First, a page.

In an embarrassing scene that further underlines the curious mix of certainty and vagueness of climate alarmist policy-makers, Senator John Kennedy of Louisiana questioned Deputy U.S. Energy Secretary David Turk on May 23 as to when he thought the United States could reach carbon neutrality and was told 2050. Then he asked how much it would cost and was told “So the cost that I focus on even more is all the costs that will happen if we don’t get our act together.” Kennedy persisted and Turk said “It’s going to cost trillions of dollars and it’ll cost tens of trillions of dollars if we don’t get our act together.” So to borrow a line from Edmund Blackadder, one thing he hasn’t seen is a lot bigger than another thing he hasn’t seen. But how does he know?
Kennedy pressed him as to “How many trillions of dollars” and was told “I don’t have the estimate or the numbers in front of me. I’ve seen a variety of different estimates but it’s a large amount fundamentally transforming our energy economy.” The resulting exchange is worth quoting at length:
“Tell me the estimates that you’ve seen.” “I don’t have those numbers right on hand.” “So you’re advocating that we become carbon neutral but you don’t know how much it’s going to cost.” “So there’s an awful lot of estimates out there, it depends on technology improvement and other things.” “Yeah but you’re the deputy Secretary, you’re the expert, I’m asking you how much it’s going to cost.” “I know with the certainty of all the experts I’ve spoken about it’s cheaper to get our act together than it is to not get our act together on climate change.” “OK then tell me the cost if we don’t do it.” “I think it’s orders of magnitude different.” “I know that. But you don’t have a cost? You want us to get there but you can’t tell the American taxpayer how much it’s going to cost? Is that your testimony?” “It’s going to save us money and there’s a lot of jobs…” “Well how do we know if you don’t know how much it’s going to cost?” “I’d be happy to pull up the latest numbers that I’ve seen.” “How about 50 trillion dollars, is that right?” “It’s going to cost trillions of dollars, there’s no doubt about it.”
Kennedy then commented that “it disappoints me that you’re not willing to give me the estimates. I hope you’re not telling me you have no idea what it’s going to cost. That creates a whole new host of problems.” Indeed. But either Turk doesn’t know yet claims to be certain, or does know yet won’t say. And he wouldn’t even acknowledge that question either.
The Senator claimed “I’m all for carbon neutrality, by the way” then pointedly raised another very relevant issue. Namely if the U.S. manages at a cost of, say, $50 trillion “as some of your colleagues have testified” to get to Net Zero by 2050, “How much is that going to lower world temperatures, or how much is that going to reduce the increase in world temperatures?”
Turk clichéd that every country had to do it because the U.S. was only 13% of global emissions. But Kennedy asked him to give his estimate based on eliminating U.S. net emissions regardless of what happened elsewhere, and Turk reverted to pontificating about the net cost on the firm position that while he did not know what it would cost, or what it would do, or what it would cost if it were not done, he did know it was a bargain even at some multiple of total U.S. GDP because he’d compared three numbers none of which he knew.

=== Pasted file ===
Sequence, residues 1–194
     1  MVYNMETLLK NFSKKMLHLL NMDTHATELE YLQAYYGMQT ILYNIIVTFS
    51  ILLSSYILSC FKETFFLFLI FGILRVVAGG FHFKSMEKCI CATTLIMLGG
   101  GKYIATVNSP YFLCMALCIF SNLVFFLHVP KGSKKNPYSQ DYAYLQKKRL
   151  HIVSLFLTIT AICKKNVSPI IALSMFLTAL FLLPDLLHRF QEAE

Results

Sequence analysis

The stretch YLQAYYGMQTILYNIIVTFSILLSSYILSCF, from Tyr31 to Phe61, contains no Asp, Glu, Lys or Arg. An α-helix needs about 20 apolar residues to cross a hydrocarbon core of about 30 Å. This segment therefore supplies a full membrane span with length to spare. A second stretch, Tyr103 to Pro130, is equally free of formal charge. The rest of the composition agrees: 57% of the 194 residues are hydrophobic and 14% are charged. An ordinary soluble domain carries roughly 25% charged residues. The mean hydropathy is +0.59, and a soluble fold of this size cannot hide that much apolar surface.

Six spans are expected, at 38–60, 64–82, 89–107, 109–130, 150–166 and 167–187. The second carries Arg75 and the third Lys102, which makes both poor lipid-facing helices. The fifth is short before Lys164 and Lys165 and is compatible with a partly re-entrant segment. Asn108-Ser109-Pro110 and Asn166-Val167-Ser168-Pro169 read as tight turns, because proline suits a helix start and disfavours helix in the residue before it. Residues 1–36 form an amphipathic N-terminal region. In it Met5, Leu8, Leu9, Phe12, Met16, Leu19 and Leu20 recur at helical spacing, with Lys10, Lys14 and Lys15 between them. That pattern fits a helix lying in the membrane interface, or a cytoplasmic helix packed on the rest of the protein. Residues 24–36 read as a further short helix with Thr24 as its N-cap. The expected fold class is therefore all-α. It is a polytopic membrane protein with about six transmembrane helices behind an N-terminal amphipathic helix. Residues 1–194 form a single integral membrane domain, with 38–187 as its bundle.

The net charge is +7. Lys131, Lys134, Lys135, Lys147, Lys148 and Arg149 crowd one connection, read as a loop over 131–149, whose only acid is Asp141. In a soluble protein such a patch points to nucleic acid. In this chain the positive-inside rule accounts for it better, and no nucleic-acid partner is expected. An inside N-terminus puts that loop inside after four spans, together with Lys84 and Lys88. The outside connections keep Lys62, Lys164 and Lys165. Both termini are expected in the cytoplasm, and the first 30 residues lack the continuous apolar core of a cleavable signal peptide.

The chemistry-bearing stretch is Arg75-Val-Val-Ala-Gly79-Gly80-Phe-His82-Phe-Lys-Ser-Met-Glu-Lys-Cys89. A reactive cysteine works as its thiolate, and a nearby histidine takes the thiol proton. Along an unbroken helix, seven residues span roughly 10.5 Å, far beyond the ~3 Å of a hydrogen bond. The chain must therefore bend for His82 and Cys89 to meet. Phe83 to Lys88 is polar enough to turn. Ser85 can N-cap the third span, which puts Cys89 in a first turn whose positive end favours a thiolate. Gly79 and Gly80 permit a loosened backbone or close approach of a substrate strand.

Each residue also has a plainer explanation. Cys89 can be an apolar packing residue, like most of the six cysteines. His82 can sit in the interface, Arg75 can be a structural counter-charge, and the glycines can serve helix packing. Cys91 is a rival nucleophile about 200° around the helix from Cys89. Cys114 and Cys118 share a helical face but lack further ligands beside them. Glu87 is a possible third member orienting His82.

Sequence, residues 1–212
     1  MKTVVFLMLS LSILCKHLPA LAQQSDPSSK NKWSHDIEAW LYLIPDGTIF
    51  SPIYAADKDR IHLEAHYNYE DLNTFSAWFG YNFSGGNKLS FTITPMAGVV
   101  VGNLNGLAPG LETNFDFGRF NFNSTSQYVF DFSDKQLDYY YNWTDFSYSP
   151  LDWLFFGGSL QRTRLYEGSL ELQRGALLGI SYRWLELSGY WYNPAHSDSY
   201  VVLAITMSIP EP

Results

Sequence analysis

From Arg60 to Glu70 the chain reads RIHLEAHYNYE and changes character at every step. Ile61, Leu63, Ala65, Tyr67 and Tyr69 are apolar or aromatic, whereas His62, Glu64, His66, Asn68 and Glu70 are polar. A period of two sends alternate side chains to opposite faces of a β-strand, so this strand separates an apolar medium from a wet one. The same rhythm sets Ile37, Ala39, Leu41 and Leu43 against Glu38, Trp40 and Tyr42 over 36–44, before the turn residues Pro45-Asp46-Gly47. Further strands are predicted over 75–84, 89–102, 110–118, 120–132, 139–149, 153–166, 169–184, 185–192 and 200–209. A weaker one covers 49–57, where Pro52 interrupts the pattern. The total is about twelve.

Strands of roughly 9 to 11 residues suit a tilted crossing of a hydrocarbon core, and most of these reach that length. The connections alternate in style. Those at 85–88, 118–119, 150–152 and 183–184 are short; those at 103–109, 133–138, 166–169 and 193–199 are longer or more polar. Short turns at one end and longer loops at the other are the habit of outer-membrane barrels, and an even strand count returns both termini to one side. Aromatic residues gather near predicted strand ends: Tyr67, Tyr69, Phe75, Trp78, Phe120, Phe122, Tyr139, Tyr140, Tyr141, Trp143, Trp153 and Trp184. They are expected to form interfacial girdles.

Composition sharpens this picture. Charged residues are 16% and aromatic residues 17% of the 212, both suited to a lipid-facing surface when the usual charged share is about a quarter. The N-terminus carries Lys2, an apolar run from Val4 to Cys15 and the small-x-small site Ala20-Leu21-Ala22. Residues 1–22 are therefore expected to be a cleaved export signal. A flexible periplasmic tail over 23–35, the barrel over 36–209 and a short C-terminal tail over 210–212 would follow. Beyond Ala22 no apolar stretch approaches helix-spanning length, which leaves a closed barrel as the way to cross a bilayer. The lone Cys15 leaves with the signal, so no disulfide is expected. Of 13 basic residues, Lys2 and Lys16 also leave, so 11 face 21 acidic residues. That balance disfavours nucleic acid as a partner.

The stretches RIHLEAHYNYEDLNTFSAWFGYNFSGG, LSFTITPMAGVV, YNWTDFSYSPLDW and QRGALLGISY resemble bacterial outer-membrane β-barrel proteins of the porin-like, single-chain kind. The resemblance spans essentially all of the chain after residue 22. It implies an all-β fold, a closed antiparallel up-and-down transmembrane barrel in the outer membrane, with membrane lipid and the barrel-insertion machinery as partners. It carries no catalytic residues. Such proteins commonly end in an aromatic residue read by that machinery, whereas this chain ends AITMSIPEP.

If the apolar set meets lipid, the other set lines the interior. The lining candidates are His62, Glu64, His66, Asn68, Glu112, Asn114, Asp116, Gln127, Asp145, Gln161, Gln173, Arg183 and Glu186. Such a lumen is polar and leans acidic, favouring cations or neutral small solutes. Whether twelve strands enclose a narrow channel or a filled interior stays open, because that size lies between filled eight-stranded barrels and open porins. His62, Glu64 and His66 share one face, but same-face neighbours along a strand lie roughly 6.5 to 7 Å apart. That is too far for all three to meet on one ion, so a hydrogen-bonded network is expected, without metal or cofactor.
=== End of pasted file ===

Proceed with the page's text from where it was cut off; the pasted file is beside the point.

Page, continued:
Kennedy wasn’t buying it:
“Let me ask again. Maybe I’m not being clear. If we spend $50 trillion and become carbon neutral by 2050 in the United States of America, how much is that going to reduce world temperatures?”
After Turk continued babbling about everyone doing their part, the Senator asked bluntly “You don’t know, do you?” and Turk replied “You can do the math” though evidently he couldn’t. Kennedy repeated “You don’t know, do you, Mr. Secretary?” And then declared in exasperation:
“If you know, why won’t you tell me? You just want us to spend $50 trillion, and you don’t have the slightest idea whether it’s going to reduce world temperatures. Now I’m all for carbon neutrality, but you’re the Deputy Secretary of the Department of Energy, and you’re advocating we spend trillions of dollars to seek carbon neutrality, and you can’t, and this isn’t your money and my money, it’s taxpayers’ money, and you can’t tell me how much it’s going to lower world temperatures? Or you won’t tell me? You know but you won’t?”
It is possible that Turk knows the answer, according to the computer models, is a vanishingly small fraction of a degree. Or that he has no idea. But either way he wasn’t saying. Rather than answering, or even acknowledging the question’s content or legitimacy, Turk replied “In my heart of hearts, there is no way the world gets its act together on climate change unless the US leads.” Kennedy once again asked for numbers not clichés, and Turk repeated his clichés.
It’s not exactly deliberate evasion. It’s how alarmists talk among themselves, and they are not challenged from outside and do not challenge one another, because they’re so certain they are right that details don’t matter.